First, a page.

The Whole Grain stamp now features on more than 7,600 products in 35 countries, while the number of new products featuring whole grain claims rose from 164 in 2000 to 3,378 in 2011, according to data unveiled at the Whole Grains on Every Plate conference yesterday.
Spurred on by the 2010 Dietary Guidelines for Americans (which recommend we get at least three servings of whole grains a day) and continued interest in ancient grains, red and black rice and quinoa as ‘on-trend’ ingredients, manufacturers are now adding whole grains to everything from frozen entrees to soup, said the Whole Grains Council, which organized the three-day event in San Antonio along with Oldways.
Strong growth in ‘late adopter’ categories such as soup, frozen entrees and baby food
While breads, cereals and snacks still account for 26.6%, 25.7% and 18.8% respectively of products using the stamp, ‘main dishes’ (pizzas, entrees, tacos etc) and ‘breakfast items’ (waffles, pancakes, muffins etc) now account for 8.8% and 5.4% respectively, delegates were told.
Data from SPINS - which shows that sales of products with the stamp grew 9% in the year to June 9, 2012 - also reveals strong growth in ‘late adopter’ categories featuring the stamp such as frozen breakfast foods, frozen kids foods & baby foods, and soup (up 77.4%, 51.6% and 51.3% respectively).
Meanwhile, data from Mintel’s Global New Products Database shows that in the first four months of 2012, there were 1,268 new launches making whole grain claims, which if multiplied by three to give an estimate of what the full-year picture might look like (3,804 products) would represent a 13% increase over 2011 (3,378 products).
As for how much whole grain is being used, while eligibility for the Whole Grain stamp starts at 8g whole grains per serving, most products featuring it now contain significantly more, with almost two-thirds now containing at least twice this amount, said the Whole Grains Council.
50 shades of beige...
However, in the US, whole grain volume sales have stalled somewhat in the past few years, in part because the biggest whole grain categories (bread, cereals) have experienced volume declines, said ConAgra Mills director of consumer insights David Sheluga.
"I call it the 50 shades of beige phenomenon. Beige foods are on the downslide in the center of the store."
Compass: We’ve made the financials work
But how easy has it been to switch to using more whole grains?
Jennifer Ignacio, nutrition communications manager at Compass Group North America, said her firm had worked hard to include whole grains in all of its menus, from doing straight swops such as replacing white hamburger buns with whole wheat versions, to sampling initiatives designed to encourage people eating at cafeterias it supplies to try whole grain options.
In many cases, the challenge is perception, she said. “People think they won’t taste good, so we need to encourage sampling and work on presentation, making whole grain options look exciting.”
In some cases, consumers might be reluctant to switch from white to brown rice, she said, but might be willing to try a whole grain option they haven’t tried before, such as quinoa.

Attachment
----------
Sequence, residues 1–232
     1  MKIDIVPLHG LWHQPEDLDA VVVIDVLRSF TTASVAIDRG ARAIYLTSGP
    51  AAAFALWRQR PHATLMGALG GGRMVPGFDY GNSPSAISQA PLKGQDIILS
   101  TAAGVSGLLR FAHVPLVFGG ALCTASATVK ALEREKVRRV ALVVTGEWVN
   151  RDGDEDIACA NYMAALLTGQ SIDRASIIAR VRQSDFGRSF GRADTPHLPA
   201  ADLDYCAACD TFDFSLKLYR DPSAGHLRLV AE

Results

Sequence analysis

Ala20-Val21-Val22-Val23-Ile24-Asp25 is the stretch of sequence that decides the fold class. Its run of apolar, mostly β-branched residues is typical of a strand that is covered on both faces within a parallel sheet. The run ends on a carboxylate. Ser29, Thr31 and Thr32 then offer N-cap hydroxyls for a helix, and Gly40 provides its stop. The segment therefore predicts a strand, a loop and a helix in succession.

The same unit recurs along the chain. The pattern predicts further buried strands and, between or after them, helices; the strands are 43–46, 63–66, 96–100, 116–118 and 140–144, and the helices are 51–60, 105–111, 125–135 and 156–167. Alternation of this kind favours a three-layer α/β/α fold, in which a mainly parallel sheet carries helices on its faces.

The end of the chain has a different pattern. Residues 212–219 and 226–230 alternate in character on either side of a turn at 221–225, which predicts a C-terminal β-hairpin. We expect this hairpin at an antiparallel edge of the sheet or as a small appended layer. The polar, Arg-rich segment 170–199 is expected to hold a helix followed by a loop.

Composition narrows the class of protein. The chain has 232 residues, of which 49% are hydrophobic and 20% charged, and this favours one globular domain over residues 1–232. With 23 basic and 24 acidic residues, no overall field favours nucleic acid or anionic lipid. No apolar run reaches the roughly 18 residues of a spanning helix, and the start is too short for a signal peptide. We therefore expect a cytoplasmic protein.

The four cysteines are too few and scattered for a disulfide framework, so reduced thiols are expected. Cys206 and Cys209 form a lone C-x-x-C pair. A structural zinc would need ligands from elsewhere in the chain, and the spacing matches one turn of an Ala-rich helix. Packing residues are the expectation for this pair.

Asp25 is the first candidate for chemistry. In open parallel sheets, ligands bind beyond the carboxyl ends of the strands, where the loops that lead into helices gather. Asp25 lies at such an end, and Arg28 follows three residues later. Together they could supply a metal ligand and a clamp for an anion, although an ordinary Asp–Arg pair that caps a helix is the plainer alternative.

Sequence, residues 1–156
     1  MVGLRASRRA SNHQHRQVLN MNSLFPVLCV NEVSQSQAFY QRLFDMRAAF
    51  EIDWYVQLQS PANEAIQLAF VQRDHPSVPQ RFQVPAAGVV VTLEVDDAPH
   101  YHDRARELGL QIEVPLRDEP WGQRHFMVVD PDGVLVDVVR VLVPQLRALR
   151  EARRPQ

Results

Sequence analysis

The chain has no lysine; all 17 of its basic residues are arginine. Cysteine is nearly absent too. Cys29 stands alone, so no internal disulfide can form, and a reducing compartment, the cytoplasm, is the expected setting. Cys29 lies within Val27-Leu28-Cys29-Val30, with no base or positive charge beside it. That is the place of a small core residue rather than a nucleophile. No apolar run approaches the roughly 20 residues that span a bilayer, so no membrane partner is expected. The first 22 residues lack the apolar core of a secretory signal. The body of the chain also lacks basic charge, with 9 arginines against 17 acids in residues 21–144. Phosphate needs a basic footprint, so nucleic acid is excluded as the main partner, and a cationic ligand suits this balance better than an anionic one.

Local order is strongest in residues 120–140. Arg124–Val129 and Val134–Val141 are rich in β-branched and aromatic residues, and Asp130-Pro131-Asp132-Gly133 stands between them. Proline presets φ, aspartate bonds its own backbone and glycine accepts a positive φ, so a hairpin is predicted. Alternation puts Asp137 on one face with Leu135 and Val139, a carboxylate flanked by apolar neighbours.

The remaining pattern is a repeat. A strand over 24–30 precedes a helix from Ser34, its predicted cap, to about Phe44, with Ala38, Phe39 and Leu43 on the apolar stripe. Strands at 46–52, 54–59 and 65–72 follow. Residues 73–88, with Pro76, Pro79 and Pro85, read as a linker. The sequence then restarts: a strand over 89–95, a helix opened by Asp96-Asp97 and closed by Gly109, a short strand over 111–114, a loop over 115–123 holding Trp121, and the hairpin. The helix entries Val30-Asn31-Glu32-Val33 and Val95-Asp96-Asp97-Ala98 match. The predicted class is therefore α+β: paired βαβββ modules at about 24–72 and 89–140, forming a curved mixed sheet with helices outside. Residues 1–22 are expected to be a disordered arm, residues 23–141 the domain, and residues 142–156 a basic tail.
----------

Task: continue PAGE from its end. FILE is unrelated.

Asked how challenging it had been from a cost perspective to incorporate more whole grain products into menus, she said that while whole wheat bread might cost more than white bread, changing an entire menu to include more whole grains does not necessarily cost more, because savings might be made in other areas.
“We’ve managed to make the financials work.”
Corn and whole grains
While a lot of the buzz is around ancient grains, whole grain corn products are also gaining traction as formulators like the texture, color and taste they deliver, Cargill Corn Milling technical services manager P Keith Smith told FoodNavigator-USA.
“They work very well in breads and rolls and muffins.”
From a nutritional perspective, the aleurone layer in wheat is the most interesting part, but you can’t out a wholegrain stamp on it…
While the preoccupation with whole grains (comprising the bran, germ and endosperm) is great from a nutritional perspective, it is important to remember that individual components of grain have an important contribution to make as well, said Jeff Casper, R&D manager at Cargill joint venture Horizon Milling.
“From a nutritional perspective, the aleurone layer in wheat - the outermost cell layer of the endosperm, is something we are very interested in.
“We’ve been extracting it and selling it for several years and a competitor - Kampffmeyer - is also promoting a similar product in Europe as ‘Vein of gold’.
“But you can’t put a Whole Grain stamp on it, so it’s a harder sell, even though it is high in betaine and lysine - which is unusual, rich in antioxidants, vitamins, minerals and insoluble fiber.
“I think the whole whole grains debate is kind of going in two directions. It’s looking at the nutritional benefits of whole grains [in general], and then it’s looking at the nutrition inside the whole grains.”
Some gluten-free products with whole grains have not got much fiber in them at all
For example, not all whole grains are the same from a nutritional perspective, with sharp variations in levels of fiber, vitamins and minerals, he said.
“Some gluten-free products made with whole grains have not got much fiber in them at all.”
Meanwhile, if we replaced all the refined white flour in the American diet with wholegrain four, we’d have an issue with folate deficiency, as enriched white flour is the primary source of folate for many consumers, he observed.
“Obviously you can get folate from other sources such as vegetables, but for many people, enriched refined white flour is the primary source, so if we’re going to switch to whole grains, we need to encourage people to get folate from somewhere else.”